Another Grand Plan for the South Boston Waterfront
The redevelopment of Boston’s waterfront has been a start-stop affair in recent years. Now, another grand project is planned for the area, and this one is particularly ambitious.
In May, developer Gale International and partner Morgan Stanley filed a proposal for Seaport Square, a 23-acre mixed-used development featuring 19 buildings designed by the likes of Studio Daniel Libeskind, HOK, and CBT Architects. The 6.5-million-square-foot, $3.5 billion project—one of the largest development projects in Boston’s history—amounts to an attempt to create an instant urban village, complete with housing, offices, hotels, shops, parks, and cultural venues. The plan also includes two schools and a library, and some 6,500 parking spaces located mostly below ground.
The first structure slated for construction is a six-story residential building with commercial space designed by Boston-based Hacin + Associates. Overall, the Seaport Square plan calls for a 50-50 split in housing stock between condominiums and rental units, with 30 percent of all units labeled low- to moderate-income housing.
The entire Seaport Square scheme covers 20 blocks. Kohn Pedersen designed the initial master plan, and ADD Inc. later refined it. “It's textured and scaled to its surroundings, but the buildings are fairly modern," says ADD associate principal Tamara Roy, AIA. The developer is working with the city to ensure new streets and sidewalks match those in the surrounding area, says Jessica Shumaker, spokeswoman for the Boston Redevelopment Authority.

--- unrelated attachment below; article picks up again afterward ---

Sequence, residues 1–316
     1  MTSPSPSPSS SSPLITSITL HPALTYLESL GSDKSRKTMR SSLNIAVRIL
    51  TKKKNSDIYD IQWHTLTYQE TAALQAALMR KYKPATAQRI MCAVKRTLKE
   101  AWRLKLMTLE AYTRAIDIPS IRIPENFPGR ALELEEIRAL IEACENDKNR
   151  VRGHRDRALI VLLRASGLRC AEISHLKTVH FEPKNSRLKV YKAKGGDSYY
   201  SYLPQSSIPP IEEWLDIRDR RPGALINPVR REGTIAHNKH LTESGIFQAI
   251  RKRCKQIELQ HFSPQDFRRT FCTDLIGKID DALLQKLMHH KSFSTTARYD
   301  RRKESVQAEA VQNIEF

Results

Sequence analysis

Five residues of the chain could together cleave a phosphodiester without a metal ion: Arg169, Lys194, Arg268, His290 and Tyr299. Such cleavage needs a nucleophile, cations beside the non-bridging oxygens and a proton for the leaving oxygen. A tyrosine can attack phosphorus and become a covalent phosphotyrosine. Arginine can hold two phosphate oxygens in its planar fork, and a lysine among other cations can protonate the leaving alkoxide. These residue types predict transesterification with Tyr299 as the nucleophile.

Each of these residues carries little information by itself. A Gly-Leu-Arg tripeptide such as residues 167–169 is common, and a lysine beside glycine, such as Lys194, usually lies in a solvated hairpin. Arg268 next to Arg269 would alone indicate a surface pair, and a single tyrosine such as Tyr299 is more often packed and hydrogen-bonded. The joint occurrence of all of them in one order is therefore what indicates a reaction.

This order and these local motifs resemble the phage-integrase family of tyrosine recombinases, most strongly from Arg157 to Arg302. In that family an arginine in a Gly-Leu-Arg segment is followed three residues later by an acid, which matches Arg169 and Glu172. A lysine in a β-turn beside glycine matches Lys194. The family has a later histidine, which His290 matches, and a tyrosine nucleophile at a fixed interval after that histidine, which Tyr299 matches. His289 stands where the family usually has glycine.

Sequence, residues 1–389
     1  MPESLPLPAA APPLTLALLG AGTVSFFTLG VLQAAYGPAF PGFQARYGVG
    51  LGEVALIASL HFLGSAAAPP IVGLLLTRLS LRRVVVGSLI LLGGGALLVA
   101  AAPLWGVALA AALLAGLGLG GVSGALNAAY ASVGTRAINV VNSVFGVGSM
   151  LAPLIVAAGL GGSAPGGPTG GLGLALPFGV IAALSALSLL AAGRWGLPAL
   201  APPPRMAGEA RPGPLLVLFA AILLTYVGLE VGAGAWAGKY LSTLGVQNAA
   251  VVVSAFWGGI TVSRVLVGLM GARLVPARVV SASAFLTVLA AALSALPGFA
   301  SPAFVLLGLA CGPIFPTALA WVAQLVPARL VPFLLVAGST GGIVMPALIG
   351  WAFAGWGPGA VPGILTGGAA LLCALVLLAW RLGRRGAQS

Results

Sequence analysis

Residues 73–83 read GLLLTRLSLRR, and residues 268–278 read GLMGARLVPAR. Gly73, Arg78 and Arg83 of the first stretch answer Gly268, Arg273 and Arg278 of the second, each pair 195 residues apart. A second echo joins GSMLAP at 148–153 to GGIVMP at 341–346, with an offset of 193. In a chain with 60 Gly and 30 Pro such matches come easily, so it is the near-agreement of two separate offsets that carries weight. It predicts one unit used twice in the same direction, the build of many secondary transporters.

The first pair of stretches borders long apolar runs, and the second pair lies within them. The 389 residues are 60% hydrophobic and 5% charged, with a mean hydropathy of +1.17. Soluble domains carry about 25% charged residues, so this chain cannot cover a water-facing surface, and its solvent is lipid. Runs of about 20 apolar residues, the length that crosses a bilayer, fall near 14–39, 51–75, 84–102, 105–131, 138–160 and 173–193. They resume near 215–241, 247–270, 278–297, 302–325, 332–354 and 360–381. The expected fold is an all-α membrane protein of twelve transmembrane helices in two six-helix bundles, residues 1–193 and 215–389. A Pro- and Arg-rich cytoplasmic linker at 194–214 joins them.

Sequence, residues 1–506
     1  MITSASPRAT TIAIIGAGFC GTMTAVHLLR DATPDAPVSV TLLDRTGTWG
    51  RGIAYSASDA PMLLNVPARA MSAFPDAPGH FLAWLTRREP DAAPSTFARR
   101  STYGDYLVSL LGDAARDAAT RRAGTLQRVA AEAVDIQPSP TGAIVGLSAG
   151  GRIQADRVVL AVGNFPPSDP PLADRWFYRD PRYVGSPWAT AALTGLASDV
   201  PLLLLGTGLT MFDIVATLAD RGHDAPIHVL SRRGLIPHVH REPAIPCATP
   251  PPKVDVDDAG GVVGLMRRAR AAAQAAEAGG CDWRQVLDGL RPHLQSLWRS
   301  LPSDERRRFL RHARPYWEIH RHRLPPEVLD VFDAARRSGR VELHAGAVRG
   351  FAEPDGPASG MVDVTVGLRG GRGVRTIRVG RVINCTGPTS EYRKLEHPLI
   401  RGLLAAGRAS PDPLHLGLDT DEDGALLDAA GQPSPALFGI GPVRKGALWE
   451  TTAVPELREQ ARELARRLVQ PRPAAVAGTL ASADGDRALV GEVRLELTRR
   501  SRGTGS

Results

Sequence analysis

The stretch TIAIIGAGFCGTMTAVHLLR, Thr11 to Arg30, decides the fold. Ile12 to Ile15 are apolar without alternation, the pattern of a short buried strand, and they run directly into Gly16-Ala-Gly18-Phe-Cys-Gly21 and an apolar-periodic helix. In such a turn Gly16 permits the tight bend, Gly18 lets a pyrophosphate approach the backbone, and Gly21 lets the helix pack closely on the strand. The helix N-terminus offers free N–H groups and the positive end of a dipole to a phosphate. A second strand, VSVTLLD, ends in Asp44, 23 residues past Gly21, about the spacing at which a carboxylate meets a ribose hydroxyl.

The site—now a desert of asphalt containing surface parking lots and access roads—has been the focus of wrangling between a succession of owners and the city. The current mayor’s plans for the area include the controversial, and far from certain, relocation of City Hall.
Some area residents say the public presentation of the Seaport Square project last spring hit many of the right notes, but they are wary of what they see as a preponderance of upscale housing, and a commercial district that is car-centric. Drew Volpe, board member of Fort Point Neighborhood Alliance, a local community group, says he would prefer that the plan have a more pedestrian scale and historic character. “It would do a lot,” he says, “to make it feel like a neighborhood instead of an office park.”
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